What's New in EHR Certification Rule?

Proposed Stage 2 HITECH EHR Incentive Rule Released
What's New in EHR Certification Rule?

Federal authorities on Feb. 24 released a proposed rule setting certification standards for electronic health record software for Stage 2 of the HITECH Act EHR incentive program. The proposal from the Department of Health and Human Services includes new details about encryption that go beyond Stage 1 requirements.

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The proposed rule spells out all the functions, including privacy protections and security, that must be included in EHR software in order for it to qualify for the next phase of the incentive program.

Encryption

The Stage 1 rule required EHR software to include a list of security functions, including encryption and automatic log-off, and that continues in Stage 2.

But regarding encryption, the proposed Stage 2 rule is more specific: "If EHR technology manages electronic health information on an end-user device and the electronic health information remains stored on the device after use of the EHR technology on that device has stopped, the electronic health information must be encrypted .... This capability must be enabled by default (i.e., turned on) and must only be permitted to be disabled (and re-enabled) by a limited set of identified users."

In explaining what security functions were considered, but not added, to the proposed Stage 2 rule, the writers note that they rejected adding a recommendation from the Health IT Standards Committee. "The HITSC recommended that we require as a condition of certification other privacy and security oriented capabilities, such as single factor authentication and secure download. We did not include these additional capabilities in our proposals because we believe their technical implementations are commonplace and ubiquitous. Thus, there would seem to be little value added by requiring that these capabilities be demonstrated as a condition of certification."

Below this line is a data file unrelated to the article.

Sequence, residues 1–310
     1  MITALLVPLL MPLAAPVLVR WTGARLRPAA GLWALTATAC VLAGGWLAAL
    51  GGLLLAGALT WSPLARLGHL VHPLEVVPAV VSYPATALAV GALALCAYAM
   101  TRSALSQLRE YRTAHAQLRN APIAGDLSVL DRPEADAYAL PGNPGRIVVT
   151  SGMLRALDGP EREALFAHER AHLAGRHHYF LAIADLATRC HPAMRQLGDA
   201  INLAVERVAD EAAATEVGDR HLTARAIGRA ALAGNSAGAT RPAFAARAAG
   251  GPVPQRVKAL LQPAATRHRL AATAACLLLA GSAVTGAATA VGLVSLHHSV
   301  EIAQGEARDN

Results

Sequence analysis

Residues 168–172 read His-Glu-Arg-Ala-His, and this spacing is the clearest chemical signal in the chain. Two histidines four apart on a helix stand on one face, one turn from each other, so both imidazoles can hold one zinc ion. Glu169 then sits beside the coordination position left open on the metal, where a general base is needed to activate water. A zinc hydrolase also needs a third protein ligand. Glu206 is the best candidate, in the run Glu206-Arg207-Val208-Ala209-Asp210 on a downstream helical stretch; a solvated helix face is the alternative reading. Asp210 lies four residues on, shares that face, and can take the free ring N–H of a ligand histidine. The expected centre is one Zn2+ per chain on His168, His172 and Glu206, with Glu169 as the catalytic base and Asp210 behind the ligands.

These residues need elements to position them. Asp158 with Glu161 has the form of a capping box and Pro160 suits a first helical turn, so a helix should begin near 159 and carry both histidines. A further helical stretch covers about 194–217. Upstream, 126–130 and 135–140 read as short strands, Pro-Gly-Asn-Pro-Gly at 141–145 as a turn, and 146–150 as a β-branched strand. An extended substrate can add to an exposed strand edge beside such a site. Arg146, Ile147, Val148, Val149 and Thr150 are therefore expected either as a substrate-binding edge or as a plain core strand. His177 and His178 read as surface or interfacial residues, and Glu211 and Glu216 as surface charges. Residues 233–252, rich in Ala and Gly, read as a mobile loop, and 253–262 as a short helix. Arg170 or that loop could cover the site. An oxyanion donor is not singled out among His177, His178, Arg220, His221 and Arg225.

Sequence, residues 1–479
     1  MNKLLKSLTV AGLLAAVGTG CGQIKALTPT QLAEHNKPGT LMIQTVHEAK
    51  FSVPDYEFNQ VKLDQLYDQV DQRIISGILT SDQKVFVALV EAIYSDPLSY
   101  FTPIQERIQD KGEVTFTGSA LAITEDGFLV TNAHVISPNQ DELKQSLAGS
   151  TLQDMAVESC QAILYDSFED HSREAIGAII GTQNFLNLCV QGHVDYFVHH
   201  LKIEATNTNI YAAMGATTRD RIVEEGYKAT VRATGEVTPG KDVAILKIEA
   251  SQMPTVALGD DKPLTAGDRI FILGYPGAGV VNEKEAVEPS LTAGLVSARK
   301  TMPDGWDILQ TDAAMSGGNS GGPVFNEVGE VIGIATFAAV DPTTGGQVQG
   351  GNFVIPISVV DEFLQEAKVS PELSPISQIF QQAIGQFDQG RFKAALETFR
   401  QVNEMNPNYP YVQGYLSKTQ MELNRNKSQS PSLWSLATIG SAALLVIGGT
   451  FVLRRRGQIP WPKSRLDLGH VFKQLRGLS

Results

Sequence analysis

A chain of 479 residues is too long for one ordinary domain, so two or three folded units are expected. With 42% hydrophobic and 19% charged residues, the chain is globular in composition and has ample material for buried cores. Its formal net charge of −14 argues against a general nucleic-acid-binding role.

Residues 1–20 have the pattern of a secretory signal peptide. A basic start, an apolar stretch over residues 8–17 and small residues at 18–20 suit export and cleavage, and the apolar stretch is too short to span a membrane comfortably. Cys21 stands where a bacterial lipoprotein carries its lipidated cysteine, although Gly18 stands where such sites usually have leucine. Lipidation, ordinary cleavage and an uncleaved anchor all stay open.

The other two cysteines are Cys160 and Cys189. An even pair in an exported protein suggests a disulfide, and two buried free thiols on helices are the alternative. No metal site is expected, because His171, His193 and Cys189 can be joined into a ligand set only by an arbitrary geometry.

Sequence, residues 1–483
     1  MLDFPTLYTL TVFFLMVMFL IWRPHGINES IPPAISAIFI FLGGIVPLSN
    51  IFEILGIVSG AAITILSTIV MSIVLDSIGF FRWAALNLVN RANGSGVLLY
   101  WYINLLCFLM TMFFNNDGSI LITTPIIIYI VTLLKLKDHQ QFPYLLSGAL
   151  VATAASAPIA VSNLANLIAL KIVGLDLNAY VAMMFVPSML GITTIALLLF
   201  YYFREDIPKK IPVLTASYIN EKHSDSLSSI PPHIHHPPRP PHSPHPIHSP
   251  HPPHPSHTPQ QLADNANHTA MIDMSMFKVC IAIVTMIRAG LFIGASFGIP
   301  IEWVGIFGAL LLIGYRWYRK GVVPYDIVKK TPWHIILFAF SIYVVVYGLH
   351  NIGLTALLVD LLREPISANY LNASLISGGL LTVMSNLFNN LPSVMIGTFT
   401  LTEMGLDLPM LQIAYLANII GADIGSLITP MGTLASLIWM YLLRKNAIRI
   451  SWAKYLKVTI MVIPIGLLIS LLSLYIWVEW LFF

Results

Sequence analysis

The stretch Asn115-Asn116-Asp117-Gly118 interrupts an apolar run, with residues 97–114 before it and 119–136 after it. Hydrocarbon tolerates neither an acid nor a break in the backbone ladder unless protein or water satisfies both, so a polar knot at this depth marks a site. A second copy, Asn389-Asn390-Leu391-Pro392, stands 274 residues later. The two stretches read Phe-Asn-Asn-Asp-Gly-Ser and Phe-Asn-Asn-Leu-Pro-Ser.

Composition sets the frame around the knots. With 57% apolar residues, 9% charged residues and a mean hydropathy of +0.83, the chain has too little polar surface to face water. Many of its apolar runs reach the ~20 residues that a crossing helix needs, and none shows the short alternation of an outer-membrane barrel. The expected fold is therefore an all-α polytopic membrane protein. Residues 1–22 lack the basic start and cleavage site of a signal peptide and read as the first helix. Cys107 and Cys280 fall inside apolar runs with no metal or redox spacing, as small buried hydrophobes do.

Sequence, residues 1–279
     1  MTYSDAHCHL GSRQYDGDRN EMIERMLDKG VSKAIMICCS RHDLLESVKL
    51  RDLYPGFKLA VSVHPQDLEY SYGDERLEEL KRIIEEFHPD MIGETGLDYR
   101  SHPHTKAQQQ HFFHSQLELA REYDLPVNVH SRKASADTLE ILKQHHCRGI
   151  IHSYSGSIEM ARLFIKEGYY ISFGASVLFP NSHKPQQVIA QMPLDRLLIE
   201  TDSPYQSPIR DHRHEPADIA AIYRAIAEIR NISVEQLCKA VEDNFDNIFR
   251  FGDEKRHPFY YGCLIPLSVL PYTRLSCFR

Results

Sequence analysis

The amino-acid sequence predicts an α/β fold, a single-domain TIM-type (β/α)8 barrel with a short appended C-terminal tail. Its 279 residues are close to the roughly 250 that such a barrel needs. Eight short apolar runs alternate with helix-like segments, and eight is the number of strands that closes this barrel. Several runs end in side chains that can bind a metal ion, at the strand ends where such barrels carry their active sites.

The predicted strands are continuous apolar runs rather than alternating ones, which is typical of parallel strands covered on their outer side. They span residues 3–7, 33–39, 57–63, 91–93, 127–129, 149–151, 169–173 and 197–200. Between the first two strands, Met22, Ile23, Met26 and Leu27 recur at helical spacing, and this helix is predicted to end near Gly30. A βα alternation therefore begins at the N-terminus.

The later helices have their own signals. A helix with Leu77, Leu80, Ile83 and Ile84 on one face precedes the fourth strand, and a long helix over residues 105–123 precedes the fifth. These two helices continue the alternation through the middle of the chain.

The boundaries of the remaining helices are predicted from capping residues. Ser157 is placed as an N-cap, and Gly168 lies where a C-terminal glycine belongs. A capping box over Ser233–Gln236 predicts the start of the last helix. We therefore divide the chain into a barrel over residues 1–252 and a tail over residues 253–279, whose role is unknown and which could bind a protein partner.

Also not included in the rule are proposed requirements for metadata tagging to indicate patient privacy preferences for who can access certain portions of the record. The metadata tagging issue was raised in a report from the President's Council of Advisors on Science and Technology. "We are not proposing metadata standards for privacy and intend to continue to work with the industry to further flesh out what such metadata standards could be."

Meaningful Use

On Feb. 23, federal authorities issued another proposed rule outlining how hospitals and physician practices would have to "meaningfully use" EHR software to earn Stage 2 incentives (see: Stage 2 HITECH EHR Rule Unveiled). That proposal contains relatively few new requirements on privacy and security.

Both rules will be officially published in the Federal Register March 7. The Department of Health and Human Services will accept comments on the rules for 60 days. Final versions of both rules will be completed by late summer, a Department of Health and Human Services official said at the Healthcare Information and Management Systems Society Conference.

A proposed Nationwide Health Information Network Governance Rule, not yet released, could also include new requirements for privacy and security tied to electronic health information exchange.

Incentive Payments

The HITECH incentive program, funded by the economic stimulus package, is providing billions of dollars in payments from Medicare and Medicaid to hospitals and physician practices that demonstrate they're meaningfully using certified EHRs.

Participants in the EHR incentive program can gain additional payments in the next two stages if they meet the tougher requirements for each phase of the program. Stage 2 begins Oct. 1, 2013, for hospitals and Jan. 1, 2014, for physicians.

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About the Author

Howard Anderson

Howard Anderson

News Editor, ISMG

Anderson is news editor of Information Security Media Group and was founding editor of HealthcareInfoSecurity and DataBreachToday. He has more than 40 years of journalism experience, with a focus on healthcare information technology issues. Before launching HealthcareInfoSecurity, he served as founding editor of Health Data Management magazine, where he worked for 17 years, and he served in leadership roles at several other healthcare magazines and newspapers.




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